Christopher Kanyusik was born in Minnesota, received his BFA in Ceramics from The University of Montana, his Post-Baccalaureate Certificate in Sculpture from Brandeis University, his MFA in Ceramic Sculpture from The Rochester Institute of Technology, and an MFA in Sculpture from at the Academy of Art University.
The first material that Chris Kanyusik sculpted with was clay. At the onset of its transition from dirt to ceramic stone, clay is runny, squishy, sticky, soft and plastic. Combined with water clay is malleable and moldable and, conversely, when exposed to air or heat it can be stiff and rigid, brittle and delicate, or remarkably resilient and hard. All of those contradictory properties exist within one medium. It is through Kanyusik’s continual experiences with clay and its characteristics at each of the above stages that he became interested in the materiality of different sculptural media, or, simply, the spectrum of physical properties that reside in “stuff”.
Kanyusik’s sculptural work is rooted in an exploration of narrative and the communication that takes place between an art object and a viewer. Beginning with depictions of the human figure, it has expanded to include more abstract, conceptual concerns in the form of repetition, replication and suggested intent. In that regard, his current work is centered on an appreciation for the physical properties of a variety of artistic vehicles, much like the malleability of clay that drew him in at the start.
“My current work explores three fundamental components of sculpture. The first is an investigation of various media and how they react to and record my actions. Pouring, pooling, bending, folding, wrinkling, rolling, hanging, slumping, sagging, dripping, draping and melting all have a unique impact when applied to metal, wood, plaster, plastic, resin, rubber, clay or wax. My studio practice is driven by a curiosity about what the results of those processes will be on different materials.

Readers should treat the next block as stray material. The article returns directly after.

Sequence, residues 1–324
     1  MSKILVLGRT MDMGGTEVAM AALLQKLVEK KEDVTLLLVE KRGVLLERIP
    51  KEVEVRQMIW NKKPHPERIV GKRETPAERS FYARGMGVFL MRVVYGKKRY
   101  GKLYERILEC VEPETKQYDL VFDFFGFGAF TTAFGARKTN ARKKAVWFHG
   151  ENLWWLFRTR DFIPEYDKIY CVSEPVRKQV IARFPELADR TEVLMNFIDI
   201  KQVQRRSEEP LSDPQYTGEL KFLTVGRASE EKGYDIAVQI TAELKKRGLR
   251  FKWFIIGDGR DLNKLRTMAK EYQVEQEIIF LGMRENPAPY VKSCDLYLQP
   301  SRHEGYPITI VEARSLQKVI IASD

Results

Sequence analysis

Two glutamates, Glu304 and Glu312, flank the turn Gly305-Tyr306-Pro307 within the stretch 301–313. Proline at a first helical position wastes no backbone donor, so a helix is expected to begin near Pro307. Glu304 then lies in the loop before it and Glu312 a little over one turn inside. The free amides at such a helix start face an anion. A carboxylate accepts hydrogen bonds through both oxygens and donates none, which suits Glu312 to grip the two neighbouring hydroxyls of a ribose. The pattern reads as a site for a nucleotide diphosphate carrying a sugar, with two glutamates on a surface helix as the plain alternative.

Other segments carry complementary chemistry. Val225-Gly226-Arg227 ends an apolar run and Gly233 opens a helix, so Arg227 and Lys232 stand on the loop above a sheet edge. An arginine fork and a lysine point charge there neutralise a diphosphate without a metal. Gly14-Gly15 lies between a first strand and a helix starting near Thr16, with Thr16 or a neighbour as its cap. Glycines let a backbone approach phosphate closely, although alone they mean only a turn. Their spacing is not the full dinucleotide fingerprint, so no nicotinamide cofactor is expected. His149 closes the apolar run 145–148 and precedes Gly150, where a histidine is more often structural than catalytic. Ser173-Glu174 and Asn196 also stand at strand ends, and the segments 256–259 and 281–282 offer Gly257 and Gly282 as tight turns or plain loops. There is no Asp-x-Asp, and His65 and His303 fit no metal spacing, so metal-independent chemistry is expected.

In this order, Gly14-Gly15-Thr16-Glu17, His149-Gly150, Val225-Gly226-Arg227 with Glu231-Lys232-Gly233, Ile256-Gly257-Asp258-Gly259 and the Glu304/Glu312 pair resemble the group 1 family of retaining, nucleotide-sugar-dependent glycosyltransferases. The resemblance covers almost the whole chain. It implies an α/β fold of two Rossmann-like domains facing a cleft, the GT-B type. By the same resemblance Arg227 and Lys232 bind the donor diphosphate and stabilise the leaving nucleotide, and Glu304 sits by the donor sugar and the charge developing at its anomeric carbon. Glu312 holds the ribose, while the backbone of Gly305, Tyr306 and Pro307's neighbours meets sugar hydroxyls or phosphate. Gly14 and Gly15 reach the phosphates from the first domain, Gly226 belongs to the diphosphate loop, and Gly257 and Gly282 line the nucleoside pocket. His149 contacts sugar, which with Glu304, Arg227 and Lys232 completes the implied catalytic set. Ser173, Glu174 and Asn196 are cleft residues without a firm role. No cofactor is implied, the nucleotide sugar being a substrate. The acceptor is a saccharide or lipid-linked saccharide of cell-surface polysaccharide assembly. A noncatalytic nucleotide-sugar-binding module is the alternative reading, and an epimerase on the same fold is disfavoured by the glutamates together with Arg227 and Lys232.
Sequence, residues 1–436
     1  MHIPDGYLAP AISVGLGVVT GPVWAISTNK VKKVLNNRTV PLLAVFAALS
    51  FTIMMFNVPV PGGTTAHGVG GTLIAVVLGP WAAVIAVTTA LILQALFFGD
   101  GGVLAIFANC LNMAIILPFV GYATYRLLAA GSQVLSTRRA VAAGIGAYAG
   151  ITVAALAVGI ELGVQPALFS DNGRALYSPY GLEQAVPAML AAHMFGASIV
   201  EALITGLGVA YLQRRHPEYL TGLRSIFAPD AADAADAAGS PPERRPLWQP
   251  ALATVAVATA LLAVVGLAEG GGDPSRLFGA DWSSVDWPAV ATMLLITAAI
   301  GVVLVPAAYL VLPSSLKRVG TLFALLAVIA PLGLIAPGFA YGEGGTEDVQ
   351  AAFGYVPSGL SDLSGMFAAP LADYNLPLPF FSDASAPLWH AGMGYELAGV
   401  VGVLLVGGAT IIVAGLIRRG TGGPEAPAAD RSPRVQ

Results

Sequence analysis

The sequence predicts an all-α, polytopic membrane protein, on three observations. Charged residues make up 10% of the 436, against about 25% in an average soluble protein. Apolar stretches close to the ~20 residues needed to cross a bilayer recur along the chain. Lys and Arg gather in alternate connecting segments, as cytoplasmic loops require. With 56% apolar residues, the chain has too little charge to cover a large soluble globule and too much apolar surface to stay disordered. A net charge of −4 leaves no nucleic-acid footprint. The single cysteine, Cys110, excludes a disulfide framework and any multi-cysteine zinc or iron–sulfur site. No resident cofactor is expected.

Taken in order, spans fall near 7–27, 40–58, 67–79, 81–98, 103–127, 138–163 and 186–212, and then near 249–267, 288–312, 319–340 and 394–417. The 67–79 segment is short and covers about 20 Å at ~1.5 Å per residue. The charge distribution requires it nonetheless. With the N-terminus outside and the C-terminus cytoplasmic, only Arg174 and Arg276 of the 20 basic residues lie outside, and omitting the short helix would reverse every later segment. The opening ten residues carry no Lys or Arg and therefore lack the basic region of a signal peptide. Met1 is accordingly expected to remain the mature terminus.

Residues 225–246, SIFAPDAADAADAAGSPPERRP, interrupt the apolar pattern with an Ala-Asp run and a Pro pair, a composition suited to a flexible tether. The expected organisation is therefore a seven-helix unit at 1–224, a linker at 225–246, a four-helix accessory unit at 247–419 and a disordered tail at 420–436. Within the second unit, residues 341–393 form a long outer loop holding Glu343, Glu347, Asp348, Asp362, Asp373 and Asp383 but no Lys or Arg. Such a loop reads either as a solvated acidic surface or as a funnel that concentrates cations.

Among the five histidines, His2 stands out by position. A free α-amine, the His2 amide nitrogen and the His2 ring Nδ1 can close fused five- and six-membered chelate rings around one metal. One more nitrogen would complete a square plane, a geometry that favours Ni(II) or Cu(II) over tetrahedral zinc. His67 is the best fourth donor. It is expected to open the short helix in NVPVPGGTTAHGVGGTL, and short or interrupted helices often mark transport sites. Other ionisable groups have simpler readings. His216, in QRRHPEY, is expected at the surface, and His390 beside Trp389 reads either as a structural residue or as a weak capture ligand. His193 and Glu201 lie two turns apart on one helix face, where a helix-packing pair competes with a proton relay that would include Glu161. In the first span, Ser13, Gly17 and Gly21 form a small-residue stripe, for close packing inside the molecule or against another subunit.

Secondly, I am interested in emphasizing my sculptures’ intentionality through replication. In repeating an action, such as successively folding three 4×8 foot steel sheets into one-foot squares, the recurring forms become something more deliberate than a record of a single process. Similarly, by duplicating a phenomenon, such as casting and reproducing a plaster drip, the work suggests a purposefulness greater than merely being an artifact of a unique event.
The third element that informs my work is the traditional architecture of displaying sculpture. Means of presentation such as pedestals, pegs, hooks and rope are integral components in my sculptures’ designs. Exhibition furniture doubles as a work surface to be poured on, draped around or hung from, and the evidence of its presence in the creation of each work remains an important part of the completed sculpture’s appearance.
My use of a material’s unique characteristics in relation to an action, replicating the resulting forms and incorporating sculptural display elements are the means through which I suggest artistic intent without relaying a specific narrative or meaning. These primary concerns provide me an avenue to investigate the properties and potentials of sculptural art and the interaction between myself, a medium and the viewer.”
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